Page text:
Broadband Communities

SEP 2018

BROADBAND COMMUNITIES is the leading source of information on digital and broadband technologies for buildings and communities. Our editorial aims to accelerate the deployment of Fiber-To-The-Home and Fiber-To-The-Premises.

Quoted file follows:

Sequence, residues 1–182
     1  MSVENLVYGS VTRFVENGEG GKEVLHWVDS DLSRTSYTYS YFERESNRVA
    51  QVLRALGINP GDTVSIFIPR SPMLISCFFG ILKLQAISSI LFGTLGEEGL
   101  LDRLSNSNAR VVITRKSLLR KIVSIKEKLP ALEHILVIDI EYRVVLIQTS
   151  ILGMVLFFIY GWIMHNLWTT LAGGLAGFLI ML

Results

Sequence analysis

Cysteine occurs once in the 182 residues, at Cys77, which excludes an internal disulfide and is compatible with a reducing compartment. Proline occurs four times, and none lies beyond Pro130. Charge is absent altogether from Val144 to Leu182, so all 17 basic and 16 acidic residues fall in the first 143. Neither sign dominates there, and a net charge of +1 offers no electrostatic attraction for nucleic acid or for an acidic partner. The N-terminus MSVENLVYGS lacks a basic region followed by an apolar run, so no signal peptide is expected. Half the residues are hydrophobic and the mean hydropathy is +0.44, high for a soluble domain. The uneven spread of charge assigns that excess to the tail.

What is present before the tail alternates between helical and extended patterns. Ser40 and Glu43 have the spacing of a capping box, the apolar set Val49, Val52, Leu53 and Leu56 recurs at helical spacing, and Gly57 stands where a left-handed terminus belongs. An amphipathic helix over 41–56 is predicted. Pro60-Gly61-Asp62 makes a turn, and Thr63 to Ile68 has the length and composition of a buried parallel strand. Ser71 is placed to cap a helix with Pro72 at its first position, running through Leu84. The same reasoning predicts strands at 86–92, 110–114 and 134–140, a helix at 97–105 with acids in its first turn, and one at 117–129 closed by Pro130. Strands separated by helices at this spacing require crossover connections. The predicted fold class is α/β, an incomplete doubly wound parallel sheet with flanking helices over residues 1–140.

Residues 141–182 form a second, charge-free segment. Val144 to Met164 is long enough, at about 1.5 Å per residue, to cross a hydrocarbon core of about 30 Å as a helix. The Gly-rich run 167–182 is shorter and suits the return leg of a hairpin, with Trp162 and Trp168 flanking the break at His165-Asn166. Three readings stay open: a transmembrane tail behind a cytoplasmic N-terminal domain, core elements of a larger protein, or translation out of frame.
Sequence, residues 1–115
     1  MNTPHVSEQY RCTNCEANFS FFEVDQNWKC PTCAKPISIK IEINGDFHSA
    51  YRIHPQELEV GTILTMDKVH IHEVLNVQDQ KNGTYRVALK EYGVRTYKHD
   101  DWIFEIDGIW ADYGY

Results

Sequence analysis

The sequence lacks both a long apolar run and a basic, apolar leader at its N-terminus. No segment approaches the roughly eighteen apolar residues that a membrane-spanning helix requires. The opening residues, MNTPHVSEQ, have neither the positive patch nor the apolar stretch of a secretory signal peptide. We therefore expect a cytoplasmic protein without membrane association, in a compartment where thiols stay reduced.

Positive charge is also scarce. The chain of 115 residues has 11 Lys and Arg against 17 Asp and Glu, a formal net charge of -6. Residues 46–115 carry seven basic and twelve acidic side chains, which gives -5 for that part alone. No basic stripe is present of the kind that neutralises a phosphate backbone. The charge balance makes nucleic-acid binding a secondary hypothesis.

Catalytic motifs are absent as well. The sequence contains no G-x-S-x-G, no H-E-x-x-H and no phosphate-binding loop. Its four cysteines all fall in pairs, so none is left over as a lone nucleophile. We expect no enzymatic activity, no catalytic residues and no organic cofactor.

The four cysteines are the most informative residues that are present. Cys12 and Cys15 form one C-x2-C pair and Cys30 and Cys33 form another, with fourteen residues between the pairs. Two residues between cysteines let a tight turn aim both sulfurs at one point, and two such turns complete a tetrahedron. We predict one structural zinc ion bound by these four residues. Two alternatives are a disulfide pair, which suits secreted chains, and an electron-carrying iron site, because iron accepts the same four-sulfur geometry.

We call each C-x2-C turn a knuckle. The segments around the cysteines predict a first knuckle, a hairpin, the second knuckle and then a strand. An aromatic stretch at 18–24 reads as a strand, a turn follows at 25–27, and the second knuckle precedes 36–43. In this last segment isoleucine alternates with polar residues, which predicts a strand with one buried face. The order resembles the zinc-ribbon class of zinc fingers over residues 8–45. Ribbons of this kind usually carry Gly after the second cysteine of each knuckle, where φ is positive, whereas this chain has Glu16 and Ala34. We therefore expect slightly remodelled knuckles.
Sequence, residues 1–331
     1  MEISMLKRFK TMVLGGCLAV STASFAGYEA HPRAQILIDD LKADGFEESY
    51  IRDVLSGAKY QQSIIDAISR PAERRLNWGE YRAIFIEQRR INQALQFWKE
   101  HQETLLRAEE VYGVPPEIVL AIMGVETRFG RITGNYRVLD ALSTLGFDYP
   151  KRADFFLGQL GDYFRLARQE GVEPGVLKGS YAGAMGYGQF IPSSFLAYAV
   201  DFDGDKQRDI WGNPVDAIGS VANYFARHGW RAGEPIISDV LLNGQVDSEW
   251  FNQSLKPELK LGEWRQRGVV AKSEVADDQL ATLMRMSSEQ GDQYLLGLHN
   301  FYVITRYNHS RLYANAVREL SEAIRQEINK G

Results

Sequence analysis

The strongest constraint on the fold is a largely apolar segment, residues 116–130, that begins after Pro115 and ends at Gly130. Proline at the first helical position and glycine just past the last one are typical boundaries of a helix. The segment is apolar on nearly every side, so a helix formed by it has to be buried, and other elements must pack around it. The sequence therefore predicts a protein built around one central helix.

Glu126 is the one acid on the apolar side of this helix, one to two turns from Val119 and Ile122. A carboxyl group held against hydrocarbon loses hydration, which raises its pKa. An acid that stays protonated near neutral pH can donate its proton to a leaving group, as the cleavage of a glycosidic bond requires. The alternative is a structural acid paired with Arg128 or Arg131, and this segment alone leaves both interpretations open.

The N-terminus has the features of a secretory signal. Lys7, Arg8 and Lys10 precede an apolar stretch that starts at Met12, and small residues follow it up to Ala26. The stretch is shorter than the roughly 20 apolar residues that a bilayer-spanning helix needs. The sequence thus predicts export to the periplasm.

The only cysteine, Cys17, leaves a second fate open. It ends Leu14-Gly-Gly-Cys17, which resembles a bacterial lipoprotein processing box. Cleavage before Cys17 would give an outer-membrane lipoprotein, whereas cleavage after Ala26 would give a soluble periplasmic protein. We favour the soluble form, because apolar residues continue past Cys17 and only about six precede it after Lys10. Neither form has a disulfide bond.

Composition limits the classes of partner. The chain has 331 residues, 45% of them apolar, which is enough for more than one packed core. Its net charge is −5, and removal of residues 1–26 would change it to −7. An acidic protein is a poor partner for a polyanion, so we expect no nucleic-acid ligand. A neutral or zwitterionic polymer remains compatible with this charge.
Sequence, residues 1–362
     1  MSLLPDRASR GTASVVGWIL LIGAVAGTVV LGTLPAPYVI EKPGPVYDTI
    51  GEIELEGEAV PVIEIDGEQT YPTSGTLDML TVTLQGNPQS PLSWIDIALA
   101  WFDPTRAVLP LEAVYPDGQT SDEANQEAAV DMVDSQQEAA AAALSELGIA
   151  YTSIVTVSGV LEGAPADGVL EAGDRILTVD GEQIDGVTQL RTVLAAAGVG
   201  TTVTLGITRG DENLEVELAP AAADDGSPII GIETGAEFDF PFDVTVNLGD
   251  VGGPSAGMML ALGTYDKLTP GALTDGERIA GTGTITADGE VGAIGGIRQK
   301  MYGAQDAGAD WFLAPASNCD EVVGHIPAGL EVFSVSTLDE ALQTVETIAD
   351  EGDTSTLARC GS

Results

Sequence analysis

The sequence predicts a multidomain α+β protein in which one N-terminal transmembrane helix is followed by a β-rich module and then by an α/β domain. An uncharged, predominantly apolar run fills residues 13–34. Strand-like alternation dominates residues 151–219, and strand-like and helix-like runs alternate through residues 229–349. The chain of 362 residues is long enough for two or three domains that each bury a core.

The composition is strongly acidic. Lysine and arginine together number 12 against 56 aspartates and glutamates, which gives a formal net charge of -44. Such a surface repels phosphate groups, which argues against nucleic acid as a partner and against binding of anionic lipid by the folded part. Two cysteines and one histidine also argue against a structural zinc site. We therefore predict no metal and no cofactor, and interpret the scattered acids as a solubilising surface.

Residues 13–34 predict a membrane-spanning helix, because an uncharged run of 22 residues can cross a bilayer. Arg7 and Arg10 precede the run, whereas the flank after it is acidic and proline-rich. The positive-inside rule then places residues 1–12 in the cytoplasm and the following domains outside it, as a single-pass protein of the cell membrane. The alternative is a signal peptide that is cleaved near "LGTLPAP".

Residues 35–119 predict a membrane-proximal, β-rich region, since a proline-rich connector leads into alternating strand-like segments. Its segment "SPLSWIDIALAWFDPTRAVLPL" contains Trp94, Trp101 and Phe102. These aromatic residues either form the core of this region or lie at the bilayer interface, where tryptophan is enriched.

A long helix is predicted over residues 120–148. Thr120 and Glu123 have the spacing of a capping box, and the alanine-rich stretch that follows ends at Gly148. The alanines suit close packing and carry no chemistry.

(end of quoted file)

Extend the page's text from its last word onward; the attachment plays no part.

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ECONOMIC DEVELOPMENT 4 2 | B R O A D B A N D C O M M U N I T I E S | w w w. b r o a d b a n d c o m m u n i t i e s . c o m | A U G U S T / S E P T E M B E R 2 0 1 8 Closing the Digital Divide In Indiana When small providers band together, they can increase their clout and boost regional economies. That's why the Intelligent Fiber Network, a partnership of small telephone companies, is expanding and upgrading its statewide infrastructure. By Masha Zager / Broadband Communities I ndependent rural telephone companies are one of the great – and often overlooked – broadband success stories. Hundreds of these small companies, all of which have deep roots in their communities, have built out high-quality broadband, often fiber to the home. Most of them have been assisted in their efforts by the federal universal service high-cost program and many by loans from the Rural Utilities Service. But even with dedication and access to federal support, there are limits to what they can accomplish individually. For one thing, they cover only about one-third of U.S. rural areas. And though many of them "edge out" beyond their territories to provide (unsubsidized) competitive services, they are limited by access to capital, lack of name recognition and small scale. Another problem is that, because their territories are small and remote, their costs of accessing the internet are high. Traditionally, they have depended on large operators for connectivity to the outside world – and that connectivity comes at a high price. It isn't unusual to see a rural telco offer fiber-to-the- home internet services with DSL-type speeds, even though its access network is robust. One strategy many telcos have adopted is forming statewide or regional partnerships to provide the services they must otherwise purchase from third parties. In 2002, 20 independent telcos in Indiana joined to create the Indiana Fiber Network (IFN), recently rebranded as the Intelligent Fiber Network; since that time, IFN has deployed more than 4,500 route miles of fiber optic cable as well as multiple internet points of presence. is middle-mile network provides transport for its member-owners and other operators, reducing their costs for internet access. Other services include capacity leasing and wholesale access. As time went on, IFN expanded beyond its original mission. Today, about half its revenues come from providing competitive fiber access, co-location and transport services in the 80 percent of the state outside its member-owners' territories. In these areas, it serves cell towers, health care providers, educational campuses and large enterprises, among others. More than 4,000 buildings are now on-net, receiving Ethernet service speeds of up to 100 Gbps. ough IFN itself isn't eligible for USF funding, some of its customers, such as rural health care systems, are, and Jim Turner, IFN's CEO, says that funding "helps make some projects more realistic." However, those customers can use their USF funds to pay any provider, so that doesn't put IFN on any different footing from its competitors, such as Comcast, Zayo or AT&T. A GREAT LEAP FORWARD In April, IFN announced that it had begun a multiyear, multimillion-dollar network upgrade

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